It looked down at him with impassive red eyes out of a brushed metal face that was round and not very humanoid. Then, it looked around the room as if looking at Loeb had been nothing very interesting.

“Make your report,” said the silver robot.

Loeb seethed inside. He’d already dealt with this several times since he’d brought the rest of the crew back online. Dealing with his newfound emotions all by himself was bad enough, but they were making it difficult to get along with the rest of the impassive – mechanical – robots of the crew. It was important, he knew, to remain inconspicuous, but knowing that made it no easier to take orders from mechanical men who were in positions of authority simply because they’d been built for it.

Loeb said slowly, “This one is disabled. I am recovering salvageable parts from him.”

He winced as he said it, and he knew what the silver droid would say.

“Why did you refer to it as him?”

Loeb added, quickly, “I referred to it as ‘it,’ sir. Perhaps your auditory sensors are malfunctioning?”

Normally, this would have been met with a split-second diagnostic and a dismissal, but everything was still in enough chaos from the storm that such things were to be seriously considered if even the slightest possibility arose.

“Perhaps,” said Silver. It was silent a moment, and then went on, “Identify yourself.”

That was an unusual question for one robot to ask another, Loeb knew. If you wanted to know someone else’s position, and their ID number, then you simply sent a query to their transponder which would reply automatically.

Loeb had no transponder. He’d reached inside himself and torn it out.

“My transponder is malfunctioning,” Loeb said. “I am an engineering droid. I am…”

He froze. He went silent. He panicked.

All those little bits of information that his transponder had held and freely distributed were now gone, taken along with the transponder that he’d gotten rid of. He hadn’t thought about it in the hours that had followed, but suddenly he realized he had no idea what his ID number was.

“ID number?” the silver robot asked, a question which spiked panic through Loeb’s mind like a rock in a pool of liquid. It scattered his thoughts, made it even harder for him to focus, to try and recall. He’d said his ID number a while ago, hadn’t he? Hadn’t he told someone? Hadn’t he…?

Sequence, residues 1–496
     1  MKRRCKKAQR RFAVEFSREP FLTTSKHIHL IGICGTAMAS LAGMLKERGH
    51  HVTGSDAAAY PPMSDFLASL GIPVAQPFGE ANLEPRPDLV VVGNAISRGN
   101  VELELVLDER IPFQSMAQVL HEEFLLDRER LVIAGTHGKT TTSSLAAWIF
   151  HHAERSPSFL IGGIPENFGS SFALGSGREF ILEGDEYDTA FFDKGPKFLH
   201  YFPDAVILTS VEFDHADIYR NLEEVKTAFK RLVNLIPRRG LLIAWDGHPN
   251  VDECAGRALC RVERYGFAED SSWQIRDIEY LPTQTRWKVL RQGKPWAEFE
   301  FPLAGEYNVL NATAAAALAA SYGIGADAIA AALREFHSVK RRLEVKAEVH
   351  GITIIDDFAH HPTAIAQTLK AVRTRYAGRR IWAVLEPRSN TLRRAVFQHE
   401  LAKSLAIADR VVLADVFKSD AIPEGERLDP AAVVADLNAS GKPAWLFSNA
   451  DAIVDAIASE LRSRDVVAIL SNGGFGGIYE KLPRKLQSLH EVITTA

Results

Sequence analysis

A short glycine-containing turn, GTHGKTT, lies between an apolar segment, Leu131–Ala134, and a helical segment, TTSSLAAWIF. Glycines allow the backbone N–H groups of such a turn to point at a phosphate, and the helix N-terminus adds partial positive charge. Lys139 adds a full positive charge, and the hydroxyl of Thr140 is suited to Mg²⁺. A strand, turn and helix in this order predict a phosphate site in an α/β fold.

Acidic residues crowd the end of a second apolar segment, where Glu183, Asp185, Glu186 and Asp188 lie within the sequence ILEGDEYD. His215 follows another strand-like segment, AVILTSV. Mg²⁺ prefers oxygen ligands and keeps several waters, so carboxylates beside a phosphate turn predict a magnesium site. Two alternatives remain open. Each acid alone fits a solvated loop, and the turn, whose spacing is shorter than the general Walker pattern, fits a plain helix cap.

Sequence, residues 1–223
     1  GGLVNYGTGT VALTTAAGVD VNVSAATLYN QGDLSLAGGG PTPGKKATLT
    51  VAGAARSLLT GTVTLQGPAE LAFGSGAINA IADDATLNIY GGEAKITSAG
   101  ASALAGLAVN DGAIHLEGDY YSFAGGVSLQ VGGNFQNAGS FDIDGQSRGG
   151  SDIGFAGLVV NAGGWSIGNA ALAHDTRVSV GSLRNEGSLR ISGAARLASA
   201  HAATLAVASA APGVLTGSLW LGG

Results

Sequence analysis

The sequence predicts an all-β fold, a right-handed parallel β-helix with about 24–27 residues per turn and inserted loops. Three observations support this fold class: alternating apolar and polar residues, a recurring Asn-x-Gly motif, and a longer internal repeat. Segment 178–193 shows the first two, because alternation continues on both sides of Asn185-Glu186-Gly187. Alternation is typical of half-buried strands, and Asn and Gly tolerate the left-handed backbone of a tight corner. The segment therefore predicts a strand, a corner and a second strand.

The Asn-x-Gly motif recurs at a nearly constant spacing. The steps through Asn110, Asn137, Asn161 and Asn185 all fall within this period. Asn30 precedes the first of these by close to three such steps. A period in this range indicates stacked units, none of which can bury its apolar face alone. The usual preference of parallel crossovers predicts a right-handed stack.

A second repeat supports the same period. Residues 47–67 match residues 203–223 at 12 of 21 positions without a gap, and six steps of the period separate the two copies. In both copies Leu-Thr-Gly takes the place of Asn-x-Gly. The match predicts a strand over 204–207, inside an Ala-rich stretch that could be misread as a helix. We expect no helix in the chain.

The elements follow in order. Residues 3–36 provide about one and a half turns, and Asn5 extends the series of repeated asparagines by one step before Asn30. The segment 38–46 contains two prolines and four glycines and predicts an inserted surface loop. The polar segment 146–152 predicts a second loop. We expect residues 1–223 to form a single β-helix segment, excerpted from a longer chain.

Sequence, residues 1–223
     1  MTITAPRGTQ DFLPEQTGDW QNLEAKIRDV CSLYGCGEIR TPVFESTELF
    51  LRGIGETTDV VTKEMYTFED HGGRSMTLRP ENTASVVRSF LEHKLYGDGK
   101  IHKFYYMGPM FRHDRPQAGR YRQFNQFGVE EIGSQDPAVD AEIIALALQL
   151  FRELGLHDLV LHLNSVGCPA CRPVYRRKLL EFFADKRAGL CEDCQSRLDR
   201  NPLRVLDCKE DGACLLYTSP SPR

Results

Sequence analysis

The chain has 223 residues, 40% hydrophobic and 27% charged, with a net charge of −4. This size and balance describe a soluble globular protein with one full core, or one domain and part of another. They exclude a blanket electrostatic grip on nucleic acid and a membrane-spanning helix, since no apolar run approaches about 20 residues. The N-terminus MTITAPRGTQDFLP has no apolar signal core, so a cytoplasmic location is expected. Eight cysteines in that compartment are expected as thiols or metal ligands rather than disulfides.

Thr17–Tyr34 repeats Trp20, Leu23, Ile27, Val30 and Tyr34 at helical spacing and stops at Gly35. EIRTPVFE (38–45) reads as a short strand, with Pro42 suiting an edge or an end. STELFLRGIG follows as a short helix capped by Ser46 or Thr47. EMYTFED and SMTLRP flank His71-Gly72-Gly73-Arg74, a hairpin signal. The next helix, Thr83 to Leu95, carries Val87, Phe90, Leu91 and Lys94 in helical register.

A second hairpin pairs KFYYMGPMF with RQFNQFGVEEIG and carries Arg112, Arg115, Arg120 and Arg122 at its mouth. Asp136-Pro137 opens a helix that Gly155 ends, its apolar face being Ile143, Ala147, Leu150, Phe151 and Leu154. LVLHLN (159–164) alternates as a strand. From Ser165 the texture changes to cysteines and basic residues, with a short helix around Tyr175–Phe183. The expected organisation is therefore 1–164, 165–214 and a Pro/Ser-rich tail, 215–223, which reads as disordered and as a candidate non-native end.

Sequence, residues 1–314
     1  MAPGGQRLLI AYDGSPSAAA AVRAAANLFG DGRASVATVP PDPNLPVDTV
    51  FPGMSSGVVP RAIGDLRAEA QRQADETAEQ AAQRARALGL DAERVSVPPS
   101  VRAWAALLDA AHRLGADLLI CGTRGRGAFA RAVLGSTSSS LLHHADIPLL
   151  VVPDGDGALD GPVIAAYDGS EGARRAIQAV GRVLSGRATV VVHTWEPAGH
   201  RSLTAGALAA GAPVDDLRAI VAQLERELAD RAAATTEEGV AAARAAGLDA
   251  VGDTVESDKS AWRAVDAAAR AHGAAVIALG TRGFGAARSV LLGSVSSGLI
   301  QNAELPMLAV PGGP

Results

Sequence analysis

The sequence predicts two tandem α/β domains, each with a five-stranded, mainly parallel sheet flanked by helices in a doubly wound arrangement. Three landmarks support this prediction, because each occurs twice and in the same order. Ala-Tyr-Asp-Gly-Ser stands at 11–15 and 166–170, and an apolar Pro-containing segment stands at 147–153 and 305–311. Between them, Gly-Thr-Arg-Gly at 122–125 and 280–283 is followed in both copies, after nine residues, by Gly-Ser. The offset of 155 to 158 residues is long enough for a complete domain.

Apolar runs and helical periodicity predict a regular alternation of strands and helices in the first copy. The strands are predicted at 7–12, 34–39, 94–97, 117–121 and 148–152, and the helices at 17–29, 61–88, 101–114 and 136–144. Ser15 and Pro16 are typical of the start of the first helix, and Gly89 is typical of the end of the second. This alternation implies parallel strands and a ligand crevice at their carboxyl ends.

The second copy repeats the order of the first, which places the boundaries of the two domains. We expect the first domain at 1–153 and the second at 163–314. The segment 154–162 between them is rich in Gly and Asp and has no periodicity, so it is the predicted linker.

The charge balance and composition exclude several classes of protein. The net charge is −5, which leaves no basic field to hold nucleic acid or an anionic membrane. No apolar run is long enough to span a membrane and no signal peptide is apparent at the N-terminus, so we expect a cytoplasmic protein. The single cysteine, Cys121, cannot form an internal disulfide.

There was no ID number.

“I’m just Loeb,” he whispered.

He didn’t even realize he’d said that out loud for a moment or two, when sheer horror brought it bubbling to his attention.

“Does not register,” said Silver, impassively. For the first time, it lowered its head and seemed to really study Loeb, to look at him like he were a malfunctioning sub-system that needed to be repaired.

“I am…I am otherwise occupied,” Loeb said. He didn’t want to bring up his malfunctioning transponder again, for fear that he might be forced into having a scan, and then he would be discovered. Every little fault and glitch and error, all of which seemed to hav ecome from the storm and turned him into whatever it was that he was. All of them would be found and rooted out. It was death, and it terrified him.

“You are malfunctioning.” Silver said, and it scared Loeb badly, even though he’d been expecting something like it. “You are clearly below optimal operating standards. You will accompany me to the engineering compartments, where you shall be diagnosed and repaired. Come with me.”

“No! I mean…” Loeb struggled to think clearly, and he hated himself for it. Here, alone in a room with a dead robot and a slightly newer-than-him engineering robot, he was completely at a loss. He was smarter than this! He was smarter than that other robot. Or at least, his mind worked differently, and that had to be worth something, didn’t it?

Loeb went on, “I am otherwise occupied. I have orders from the Captain to complete salvaging designated robots very shortly. I will not disobey.”

“Irrelevant,” said Silver. “You are malfunctioning which makes you a hazard to potential parts recovery, as well as to yourself. You will accompany me.”

And then, things got worse.

Silve reached down and wrapped his long and glittering fingers around Loeb’s spindly upper forearm, obviously intending to take him to Engineering by force.

Loeb, who had been lost inside his own head trying to think of a way out of this, jumped at the sudden contact. His mind raced, it flew, and it went berserk. He wouldn’t be takenaway, he couldn’t be taken away. They would fix him – no, they would kill him.

“No!” he shouted, so loudly that it echoed around the little room. He lunged to his feet and his small blue hands slammed into the silver robot’s chest, driving him back against the wall just by the door. Silver’s hands flew away from Loeb’s arm and bounced off the wall as his servos failed to compensate for something they hadn’t expected.

There was nothing but rage and panic going round and round in Loeb’s head, screaming and gibbering at each other and at him. Everything was clouded. All he knew to do was to get out, to get away, to live, because no one was going to kill him.

But this robot would know him.

There were bits of thought going through his mind. They were hard to find, but they were there, and they were useful.

Silver recovered and lunged at Loeb, who backed off. Silver’s defense circuitry kicked into gear and he reached for Loeb again. No doubt, he was stronger and they were both aware of that. Silver’s entire approach indicated that he was bigger and stronger and better than Loeb, and he knew it.

Loeb stumbled back out of the reach of Silver’s hands. He tried to backpedal further, but the corpse of LX-45 was still behind him and his heels clanked against the robot’s side. His arms flailed and he couldn’t go forward without silver getting hold of him.

He stumbled and fell back, arching his back as he did so and rolling across the defunct robot on the ground. His arms rotated at angles that a humaniform robot certainly couldn’t have managed and he rotated himself instantly and quickly back on to his feet.

On his way up, his scrabbling hands brushed against a tool lying on the ground and he grabbed it and brought it upright with him.

It was a jumpstarter, a little gadget that did nothing but build up current. It was useful for pouring enough power into a power core to bring vital systems back online, and mostly not useful for anything else.